From Berry Beans, double back onto Dashilan Xi Jie from Zhujia Hutong and turn left. A fork in the road created by an old community temple presents two options: to the left lies Liulichang, your one-stop calligraphy supplies, but today we are heading right. Follow Yingtao Xie Jie for 200m and take a hard right onto Yingtao Hutong. On your left is Baihuayuan community garden, a spacious slice of respite and former source of vegetables for the locals. Baihuayuan is now a popular spot for the elderly, young and caged birds alike. At the end of the garden is a plant nursery. Outside the nursery, five white poles bear which animal?
6 Birdcage shop
Exit the garden from the opposite end and turn right onto Tongzi Hutong, following it around the bend before taking the first left onto Yanshou Jie. Now heading north, make haste over the next 200m, for you’ve an important appointment with the charming old fellow who sells the neighbourhood’s handmade birdcages, as well as some special walnuts in eggcups and rather ferocious-sounding battle insects, at 62 Yanshou Jie. We jest, but apparently some of those nuts in cups go for 'tens of thousands of kuai per nut,' opines Lars once more. The store is a visual feast, with cages of all sizes and colours – 'the darkness of the bamboo comes from the oil on the makers hands', cackles the birdcage master – with each cage topped by a brass plate featuring in many cases, as fine wares tend to, the cast of Journey to the West. At the back of the store on the left is a table displaying five of the birdcage master’s most-prized photographs. Who features in the central photograph?
7 Little Ant Shadow Play
Continue north on Yanshou Hutong, following the bend to the right as it morphs into Yanshou Jie and then to the left, until you reach Qianmen Xi Heyan Jie. Straight ahead of you, at number 149, is a shadow play performance and research space with a difference – Little Ant Shadow Play is staffed exclusively by dwarves, an initiative that runs anticlockwise to job discrimination against the aforementioned. Drop-ins are more than encouraged and performances can be arranged upon request. Must say, really didn’t see that one coming. What are the opening hours of this unexpected spot?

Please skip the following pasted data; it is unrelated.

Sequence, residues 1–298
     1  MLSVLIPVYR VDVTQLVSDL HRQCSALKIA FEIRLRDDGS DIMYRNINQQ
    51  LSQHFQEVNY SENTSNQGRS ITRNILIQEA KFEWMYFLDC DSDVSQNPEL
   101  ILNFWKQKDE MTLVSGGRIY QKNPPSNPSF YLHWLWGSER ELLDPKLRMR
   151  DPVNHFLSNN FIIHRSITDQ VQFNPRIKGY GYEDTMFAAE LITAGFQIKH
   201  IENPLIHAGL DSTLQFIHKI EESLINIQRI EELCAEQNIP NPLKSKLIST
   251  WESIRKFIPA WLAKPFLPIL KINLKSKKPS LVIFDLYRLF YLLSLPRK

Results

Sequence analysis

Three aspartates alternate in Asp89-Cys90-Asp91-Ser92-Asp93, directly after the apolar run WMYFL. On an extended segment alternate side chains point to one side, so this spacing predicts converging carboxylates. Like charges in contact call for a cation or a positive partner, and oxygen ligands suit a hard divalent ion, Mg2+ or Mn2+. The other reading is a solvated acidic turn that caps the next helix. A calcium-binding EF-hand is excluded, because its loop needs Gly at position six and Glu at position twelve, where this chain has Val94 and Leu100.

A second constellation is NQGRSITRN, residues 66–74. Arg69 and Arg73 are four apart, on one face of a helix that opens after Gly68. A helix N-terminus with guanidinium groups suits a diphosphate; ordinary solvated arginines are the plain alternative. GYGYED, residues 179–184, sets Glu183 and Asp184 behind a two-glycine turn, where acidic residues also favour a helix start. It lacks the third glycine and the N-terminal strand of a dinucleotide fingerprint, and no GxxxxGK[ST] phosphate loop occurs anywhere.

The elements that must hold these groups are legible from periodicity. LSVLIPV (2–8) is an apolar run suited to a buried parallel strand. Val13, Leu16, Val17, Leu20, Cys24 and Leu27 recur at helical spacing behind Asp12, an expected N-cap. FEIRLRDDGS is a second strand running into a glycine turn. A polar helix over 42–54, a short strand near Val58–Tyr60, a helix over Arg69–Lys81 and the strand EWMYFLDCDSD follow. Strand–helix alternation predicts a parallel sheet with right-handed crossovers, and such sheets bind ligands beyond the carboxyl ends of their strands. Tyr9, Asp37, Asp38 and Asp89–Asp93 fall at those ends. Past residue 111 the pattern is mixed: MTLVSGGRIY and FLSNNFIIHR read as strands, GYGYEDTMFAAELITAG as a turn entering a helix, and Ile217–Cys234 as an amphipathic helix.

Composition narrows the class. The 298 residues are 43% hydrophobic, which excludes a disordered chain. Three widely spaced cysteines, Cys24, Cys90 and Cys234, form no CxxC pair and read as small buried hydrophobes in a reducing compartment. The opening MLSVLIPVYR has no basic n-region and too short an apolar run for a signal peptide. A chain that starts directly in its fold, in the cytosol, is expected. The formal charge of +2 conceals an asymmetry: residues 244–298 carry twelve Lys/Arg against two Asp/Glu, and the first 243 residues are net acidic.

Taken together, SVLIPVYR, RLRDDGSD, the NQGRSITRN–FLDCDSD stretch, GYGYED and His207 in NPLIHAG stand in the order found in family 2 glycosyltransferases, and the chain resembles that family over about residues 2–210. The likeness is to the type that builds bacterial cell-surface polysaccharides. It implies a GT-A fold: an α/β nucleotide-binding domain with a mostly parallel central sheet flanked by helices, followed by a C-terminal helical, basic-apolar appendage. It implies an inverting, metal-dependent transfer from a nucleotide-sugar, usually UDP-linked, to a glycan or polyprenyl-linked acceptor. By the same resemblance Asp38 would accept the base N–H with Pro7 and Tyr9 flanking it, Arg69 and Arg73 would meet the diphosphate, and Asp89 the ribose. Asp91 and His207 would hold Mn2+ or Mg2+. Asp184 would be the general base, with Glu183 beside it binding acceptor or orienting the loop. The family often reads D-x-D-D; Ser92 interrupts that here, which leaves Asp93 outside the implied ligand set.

8 Beijing Postcards Public History Space
Head back down Yanshou Hutong the way you came, until you’re back at Yangmeizhuxie Jie. Turn left, away from The Impossible Project’s showroom at 146 (see competition below). One shop after meetingsomeone restaurant is Lars Ulrik Thom’s new spot, Beijing Postcards Public History Space, a micro-museum documenting the stories of some of Dashilan’s most interesting residents. The space holds weekly events that discuss the rich history of the area, a history Thom has dedicated years to studying. Stories of the Neighbourhood, the current exhibition, features how many local residents?
Beijing Postcards Follow Beijing Postcards’ WeChat (BeijingPostcards) for updates on events at the new space.
Win a camera from Impossible Project
The Impossible Project
makes beautiful, modern film cameras. One lucky will reader will win the I-1 Analog Instant Camera, a Polaroid camera with a difference. This gorgeous camera works with an app that gives the user full control so you can take 'real photos with a life after the shutter clicks'. Valued at 2,000RMB, the I-1 is an achingly hip addition to any budding photographer’s toy chest.
To enter the competition, follow us on WeChat (TimeOutBeijingEN) and send us the answers to the questions by May 1.